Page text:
“I think that people are beginning to realize the liability side of it, right?” says one strategist with a rival 2024 affiliation. “And as Biden and his policies continue to trend downwards and worsen and hurt the American people, I think folks will start to drop off because beating the Democrats in ’24 is more important to them overall.”

For Trump rivals, the strategist added, hastening that process isn’t necessarily part of the mission: “I think it’s gonna happen organically almost.”

Here’s the super PAC staffer again: “Trump’s 50 percent support is not maintainable over time as the repetition of these serious charges sinks in to conservative voters who want to win again.”

There can be a whistling-past-the-graveyard feel to these arguments. The pile of scandals was already growing, and Trump’s early primary polling has only improved in recent months. 

But they reflect these challengers’ collective belief—or hope—that Trump will collapse on his own without them needing to best him or convince voters on the specifics of something like his federal indictment.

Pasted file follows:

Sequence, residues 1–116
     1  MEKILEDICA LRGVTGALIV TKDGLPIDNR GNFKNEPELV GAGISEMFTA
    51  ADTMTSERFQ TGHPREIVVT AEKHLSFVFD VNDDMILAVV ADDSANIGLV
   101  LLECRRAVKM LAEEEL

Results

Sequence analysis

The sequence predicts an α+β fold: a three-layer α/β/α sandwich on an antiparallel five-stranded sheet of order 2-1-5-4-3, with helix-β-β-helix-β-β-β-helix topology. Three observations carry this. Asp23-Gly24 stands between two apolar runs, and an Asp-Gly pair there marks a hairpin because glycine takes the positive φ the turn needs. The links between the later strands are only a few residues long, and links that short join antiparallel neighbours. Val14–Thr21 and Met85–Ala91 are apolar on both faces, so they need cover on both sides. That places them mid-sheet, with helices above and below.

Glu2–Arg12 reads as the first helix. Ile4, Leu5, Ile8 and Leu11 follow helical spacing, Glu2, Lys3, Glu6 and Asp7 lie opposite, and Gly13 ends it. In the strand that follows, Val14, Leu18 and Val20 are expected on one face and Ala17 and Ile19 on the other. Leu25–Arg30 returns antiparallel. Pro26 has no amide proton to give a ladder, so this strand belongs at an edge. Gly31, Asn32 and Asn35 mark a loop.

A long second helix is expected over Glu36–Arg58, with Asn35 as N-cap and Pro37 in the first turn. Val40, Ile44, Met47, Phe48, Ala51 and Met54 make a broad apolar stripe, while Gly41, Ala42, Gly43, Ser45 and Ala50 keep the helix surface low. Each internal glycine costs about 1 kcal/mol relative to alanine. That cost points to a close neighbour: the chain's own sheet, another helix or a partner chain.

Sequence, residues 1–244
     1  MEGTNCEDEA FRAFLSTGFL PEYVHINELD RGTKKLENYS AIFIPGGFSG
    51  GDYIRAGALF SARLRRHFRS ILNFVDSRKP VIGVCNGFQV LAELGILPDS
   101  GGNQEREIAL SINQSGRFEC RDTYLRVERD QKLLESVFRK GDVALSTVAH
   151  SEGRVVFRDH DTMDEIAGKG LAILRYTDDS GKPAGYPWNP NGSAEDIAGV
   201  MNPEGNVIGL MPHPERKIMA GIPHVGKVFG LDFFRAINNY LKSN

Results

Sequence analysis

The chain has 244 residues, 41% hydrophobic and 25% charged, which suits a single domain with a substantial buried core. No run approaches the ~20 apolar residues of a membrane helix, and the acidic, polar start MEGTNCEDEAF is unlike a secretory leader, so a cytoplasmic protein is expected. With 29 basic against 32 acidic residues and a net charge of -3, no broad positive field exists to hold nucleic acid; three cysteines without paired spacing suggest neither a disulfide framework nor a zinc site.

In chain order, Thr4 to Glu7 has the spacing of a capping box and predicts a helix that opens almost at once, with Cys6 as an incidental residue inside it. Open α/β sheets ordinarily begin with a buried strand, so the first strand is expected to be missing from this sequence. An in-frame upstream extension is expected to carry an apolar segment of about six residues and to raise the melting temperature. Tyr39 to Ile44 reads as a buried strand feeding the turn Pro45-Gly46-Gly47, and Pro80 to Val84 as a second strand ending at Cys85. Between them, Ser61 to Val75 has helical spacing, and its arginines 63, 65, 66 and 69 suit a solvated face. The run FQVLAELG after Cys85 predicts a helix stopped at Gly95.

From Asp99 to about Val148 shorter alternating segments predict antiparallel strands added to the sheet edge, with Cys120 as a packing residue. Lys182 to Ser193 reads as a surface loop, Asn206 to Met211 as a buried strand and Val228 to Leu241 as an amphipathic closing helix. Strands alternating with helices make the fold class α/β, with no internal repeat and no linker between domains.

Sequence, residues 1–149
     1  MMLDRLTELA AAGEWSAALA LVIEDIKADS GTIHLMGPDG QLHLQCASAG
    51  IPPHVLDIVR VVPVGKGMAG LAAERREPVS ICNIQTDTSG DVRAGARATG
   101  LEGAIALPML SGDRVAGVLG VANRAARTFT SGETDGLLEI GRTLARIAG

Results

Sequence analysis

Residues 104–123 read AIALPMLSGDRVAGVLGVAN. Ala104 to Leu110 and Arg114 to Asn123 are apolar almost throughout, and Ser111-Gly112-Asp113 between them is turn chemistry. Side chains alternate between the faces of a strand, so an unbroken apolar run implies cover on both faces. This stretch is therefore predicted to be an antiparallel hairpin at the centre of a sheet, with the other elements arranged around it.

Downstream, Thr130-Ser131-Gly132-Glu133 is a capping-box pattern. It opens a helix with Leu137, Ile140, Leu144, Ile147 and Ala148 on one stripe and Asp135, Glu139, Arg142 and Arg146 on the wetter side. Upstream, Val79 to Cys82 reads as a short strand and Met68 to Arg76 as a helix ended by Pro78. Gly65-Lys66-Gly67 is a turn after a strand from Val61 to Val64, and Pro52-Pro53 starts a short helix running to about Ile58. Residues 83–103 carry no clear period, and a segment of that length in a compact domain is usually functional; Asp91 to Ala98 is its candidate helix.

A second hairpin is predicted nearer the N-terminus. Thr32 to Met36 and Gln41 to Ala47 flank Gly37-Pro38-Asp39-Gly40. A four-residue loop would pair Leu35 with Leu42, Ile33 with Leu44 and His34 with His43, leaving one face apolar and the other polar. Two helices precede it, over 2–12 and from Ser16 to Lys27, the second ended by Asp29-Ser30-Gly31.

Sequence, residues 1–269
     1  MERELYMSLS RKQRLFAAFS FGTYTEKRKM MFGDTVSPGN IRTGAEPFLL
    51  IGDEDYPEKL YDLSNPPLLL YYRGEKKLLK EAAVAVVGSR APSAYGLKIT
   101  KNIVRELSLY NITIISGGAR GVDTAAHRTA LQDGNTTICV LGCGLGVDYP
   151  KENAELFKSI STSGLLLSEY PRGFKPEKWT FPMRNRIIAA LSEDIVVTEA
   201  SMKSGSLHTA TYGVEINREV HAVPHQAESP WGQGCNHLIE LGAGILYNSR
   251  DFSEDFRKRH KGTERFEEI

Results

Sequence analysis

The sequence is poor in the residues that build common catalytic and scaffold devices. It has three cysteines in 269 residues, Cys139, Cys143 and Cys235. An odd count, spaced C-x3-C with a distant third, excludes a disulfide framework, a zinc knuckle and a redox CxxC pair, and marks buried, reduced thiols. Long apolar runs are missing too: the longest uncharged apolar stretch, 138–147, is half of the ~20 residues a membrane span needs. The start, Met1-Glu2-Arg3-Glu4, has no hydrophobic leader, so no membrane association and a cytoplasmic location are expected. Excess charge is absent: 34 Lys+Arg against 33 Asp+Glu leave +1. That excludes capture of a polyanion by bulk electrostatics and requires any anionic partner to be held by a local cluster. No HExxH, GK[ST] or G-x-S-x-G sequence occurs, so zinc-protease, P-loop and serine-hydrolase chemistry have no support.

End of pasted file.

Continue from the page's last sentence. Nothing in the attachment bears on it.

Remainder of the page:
RNC Officials Dish on ‘After-Action Report,’ Upcoming Debates

The Republican National Committee won’t publish its internal after-action report commissioned to determine what went wrong for the GOP last fall, RNC officials tell The Dispatch

Why wouldn’t the RNC share its findings? Many have speculated the committee, committed to neutrality in the 2024 Republican primary, wants to avoid implicating Donald Trump as a reason Republicans fell short of their hoped-for red wave in the midterm elections. True or not, some of the conclusions RNC officials confirm were reached by the after-action report have “Trump” written all over them.